10 ways spam is like vuvuzelas

The World Cup horns share some common characteristics with junk e-mail . . . hear us out.

If you've been glued to the World Cup, you'll know that there's more to the matches than soccer (football for our international audience). I'm talking about those incessant horns -- the vuvuzelas. They're really catching people's attention, for all the wrong reasons.

It got me thinking . . . In this week's Security Levity, how is a vuvuzela just like spam?

Vuvuzelas and spam? Have I gone mad? Never fear, dear reader, let me count the ways...

10. It's continuous and unavoidable

The vuvuzela emits a loud, irritating, continuous noise that's impossible to avoid -- ruining many people's World Cup experience.

Spam is eyecatching, irritating, continuous noise that's impossible to avoid -- ruining many people's email experience.

9. It didn't begin this way

The vuvuzela started life ages ago inside dispersed village communities, far away from the mainstream; it only came to worldwide attention within the last 10 to 20 years.

Spam started life ages ago (in internet time) inside dispersed USENET communities, far away from the mainstream; it only came to worldwide attention within the last 10-20 years.

8. The "wisdom" of the crowds

The vuvuzela is blown by hordes of people simultaneously.

Spam appears to be sent by hordes of (fake) people simultaneously.

7. Sociopathic anonymity.

Vuvuzela blowers are basically anonymous and don't care what other people think about their noise.

Spammers are basically anonymous and don't care what other people think about their spam.

6. It's unhealthy

The vuvuzela is a health concern for other people in the crowd, due to its loudness -- a staggering 120 dB(A) at 3 ft.

Spam that advertises fake pills is a health concern for other email users -- the pills can be poisonous, or at least ineffective.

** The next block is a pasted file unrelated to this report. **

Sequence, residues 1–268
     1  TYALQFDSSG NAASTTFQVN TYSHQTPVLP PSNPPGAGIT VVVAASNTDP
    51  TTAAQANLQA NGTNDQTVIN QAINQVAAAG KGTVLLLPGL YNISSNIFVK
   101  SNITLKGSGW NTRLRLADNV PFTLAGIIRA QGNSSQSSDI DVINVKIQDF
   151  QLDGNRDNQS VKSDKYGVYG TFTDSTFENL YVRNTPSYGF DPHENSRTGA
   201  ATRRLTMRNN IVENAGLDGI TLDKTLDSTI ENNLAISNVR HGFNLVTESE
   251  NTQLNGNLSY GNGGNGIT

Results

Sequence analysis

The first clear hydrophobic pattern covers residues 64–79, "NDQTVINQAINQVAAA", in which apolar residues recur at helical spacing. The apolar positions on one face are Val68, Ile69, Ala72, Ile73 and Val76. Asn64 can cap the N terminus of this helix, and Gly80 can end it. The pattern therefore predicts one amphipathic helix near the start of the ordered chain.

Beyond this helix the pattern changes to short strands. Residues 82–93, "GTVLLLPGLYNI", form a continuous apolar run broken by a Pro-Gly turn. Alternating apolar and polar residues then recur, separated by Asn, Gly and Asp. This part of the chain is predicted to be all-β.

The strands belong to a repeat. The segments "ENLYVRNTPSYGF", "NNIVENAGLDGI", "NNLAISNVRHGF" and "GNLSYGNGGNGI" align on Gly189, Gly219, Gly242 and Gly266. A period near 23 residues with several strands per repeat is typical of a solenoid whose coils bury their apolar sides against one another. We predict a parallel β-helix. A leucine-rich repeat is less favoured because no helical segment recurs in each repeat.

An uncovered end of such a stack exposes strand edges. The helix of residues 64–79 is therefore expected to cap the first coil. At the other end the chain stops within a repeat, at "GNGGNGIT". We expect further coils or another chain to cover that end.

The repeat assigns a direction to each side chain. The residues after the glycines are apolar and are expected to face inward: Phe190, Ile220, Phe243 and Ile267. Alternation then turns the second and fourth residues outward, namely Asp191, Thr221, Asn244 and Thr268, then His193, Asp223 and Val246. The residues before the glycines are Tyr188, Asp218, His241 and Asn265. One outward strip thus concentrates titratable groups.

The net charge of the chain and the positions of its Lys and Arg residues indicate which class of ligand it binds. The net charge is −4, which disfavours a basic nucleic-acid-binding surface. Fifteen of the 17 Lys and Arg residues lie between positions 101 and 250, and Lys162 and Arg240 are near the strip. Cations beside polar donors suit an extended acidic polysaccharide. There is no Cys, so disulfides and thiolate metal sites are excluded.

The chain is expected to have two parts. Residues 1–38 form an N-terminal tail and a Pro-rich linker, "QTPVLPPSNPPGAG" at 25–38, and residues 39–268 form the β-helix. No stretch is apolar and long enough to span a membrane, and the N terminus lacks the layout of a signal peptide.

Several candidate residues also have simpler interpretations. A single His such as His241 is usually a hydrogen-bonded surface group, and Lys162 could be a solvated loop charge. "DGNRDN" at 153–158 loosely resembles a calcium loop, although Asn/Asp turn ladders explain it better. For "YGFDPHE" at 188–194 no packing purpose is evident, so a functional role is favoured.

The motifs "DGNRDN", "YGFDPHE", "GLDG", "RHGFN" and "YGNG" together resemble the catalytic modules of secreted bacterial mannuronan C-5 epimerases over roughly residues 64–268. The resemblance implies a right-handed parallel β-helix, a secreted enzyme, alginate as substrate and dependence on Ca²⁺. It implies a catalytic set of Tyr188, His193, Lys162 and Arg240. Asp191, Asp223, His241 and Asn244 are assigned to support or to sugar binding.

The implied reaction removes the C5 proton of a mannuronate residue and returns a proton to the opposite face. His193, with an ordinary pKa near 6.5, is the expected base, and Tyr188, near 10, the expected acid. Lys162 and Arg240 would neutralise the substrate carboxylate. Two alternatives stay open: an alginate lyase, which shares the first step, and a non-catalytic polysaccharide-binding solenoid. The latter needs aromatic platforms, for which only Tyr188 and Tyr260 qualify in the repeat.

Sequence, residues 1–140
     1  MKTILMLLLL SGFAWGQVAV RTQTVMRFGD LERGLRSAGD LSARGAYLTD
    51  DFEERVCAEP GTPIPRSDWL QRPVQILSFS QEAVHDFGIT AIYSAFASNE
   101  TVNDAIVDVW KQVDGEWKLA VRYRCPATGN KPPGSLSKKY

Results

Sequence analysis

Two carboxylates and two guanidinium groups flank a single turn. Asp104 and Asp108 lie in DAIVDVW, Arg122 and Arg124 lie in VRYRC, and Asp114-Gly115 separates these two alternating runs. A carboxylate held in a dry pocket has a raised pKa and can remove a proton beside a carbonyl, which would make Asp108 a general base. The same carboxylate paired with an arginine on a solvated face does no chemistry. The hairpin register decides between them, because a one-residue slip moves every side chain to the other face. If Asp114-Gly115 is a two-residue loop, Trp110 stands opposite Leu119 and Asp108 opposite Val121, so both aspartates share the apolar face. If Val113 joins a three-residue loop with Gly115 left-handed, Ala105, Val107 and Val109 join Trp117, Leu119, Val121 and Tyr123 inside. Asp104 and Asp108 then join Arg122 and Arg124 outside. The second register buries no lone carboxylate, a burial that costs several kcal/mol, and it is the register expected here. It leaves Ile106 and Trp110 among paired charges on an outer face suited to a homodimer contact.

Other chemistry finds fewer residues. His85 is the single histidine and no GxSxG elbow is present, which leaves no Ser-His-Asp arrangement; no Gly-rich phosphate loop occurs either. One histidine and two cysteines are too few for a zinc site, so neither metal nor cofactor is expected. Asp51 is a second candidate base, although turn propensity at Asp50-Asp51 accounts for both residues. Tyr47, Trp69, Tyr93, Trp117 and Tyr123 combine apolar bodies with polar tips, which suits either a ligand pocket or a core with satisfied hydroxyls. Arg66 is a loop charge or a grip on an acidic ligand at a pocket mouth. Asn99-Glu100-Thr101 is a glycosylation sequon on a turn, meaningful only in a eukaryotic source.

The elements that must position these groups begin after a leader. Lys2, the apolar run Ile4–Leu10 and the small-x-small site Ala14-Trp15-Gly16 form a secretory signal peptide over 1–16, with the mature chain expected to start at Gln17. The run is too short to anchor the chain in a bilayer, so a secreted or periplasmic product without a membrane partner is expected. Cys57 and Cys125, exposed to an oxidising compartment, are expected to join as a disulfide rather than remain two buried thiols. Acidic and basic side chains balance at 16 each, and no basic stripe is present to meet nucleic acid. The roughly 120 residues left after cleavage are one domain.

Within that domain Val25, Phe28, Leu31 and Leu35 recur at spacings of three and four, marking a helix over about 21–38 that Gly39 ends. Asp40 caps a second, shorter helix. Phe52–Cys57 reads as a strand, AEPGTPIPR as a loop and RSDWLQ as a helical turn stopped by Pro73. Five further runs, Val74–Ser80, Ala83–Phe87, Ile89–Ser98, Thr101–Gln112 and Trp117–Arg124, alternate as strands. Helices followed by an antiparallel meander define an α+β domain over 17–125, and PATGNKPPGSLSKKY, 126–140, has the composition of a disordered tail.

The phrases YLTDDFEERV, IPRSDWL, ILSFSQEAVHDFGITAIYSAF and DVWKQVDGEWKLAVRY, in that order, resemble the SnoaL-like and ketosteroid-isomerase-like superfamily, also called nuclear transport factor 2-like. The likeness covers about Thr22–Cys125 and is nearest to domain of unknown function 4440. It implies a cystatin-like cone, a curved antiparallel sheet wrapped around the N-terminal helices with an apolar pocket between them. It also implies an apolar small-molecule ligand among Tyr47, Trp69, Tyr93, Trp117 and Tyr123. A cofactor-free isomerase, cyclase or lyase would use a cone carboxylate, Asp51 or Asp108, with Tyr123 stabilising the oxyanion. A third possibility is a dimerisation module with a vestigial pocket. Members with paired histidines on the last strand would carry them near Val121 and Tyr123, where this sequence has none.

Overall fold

5. "It's my right"

Some Southern African people see blowing the vuvuzela as their cultural right.

Some West African people see scamming westerners via "419" spam as their cultural right (or, at least, as fair retribution for imperialist acts).

4. Infection vectors

Vuvuzelas are said to spread bacterial and viral infection, in a similar way to coughing, but far more effectively.

Spam can spread Trojan and virus infection, in a similar way to USB keys, but far more effectively.

3. Found in other places

The vuvuzela phenomenon has spread outside of soccer, into venues such as YouTube.

The spam phenomenon has spread outside of email into venues such as YouTube.

2. It's illegal, theoretically

Authorities in many countries are trying to ban the use of the vuvuzela, with limited success.

Authorities in many countries are trying to ban spam, with limited success.

1. The only workable plan: filter it

Technologists have tried to filter the noise, initially with poor results -- also filtering the commentary -- but with increasing sophistication and success (including the use of adaptive filters).

Technologists have tried to filter spam, initially with poor results -- also filtering legitimate email -- but with increasing sophistication and success (including the use of adaptive filters).

Yes, I think you'll agree: vuvuzelas are remarkably like spam!

(Many thanks to David Tran, DB&K, Zaian and the hundreds of other Wikipedia contributors for the vuvuzela article that inspired this post.)

When he's not watching the World Cup (which he isn't), Amir Lev is the CTO, President, and co-founder of Commtouch (NASDAQ:CTCH), an e-mail and Web defense technology provider.

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Tags spamFIFA World Cup 2010antispamFIFA World Cup South Africasecurity

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Amir Lev

PC World (US online)
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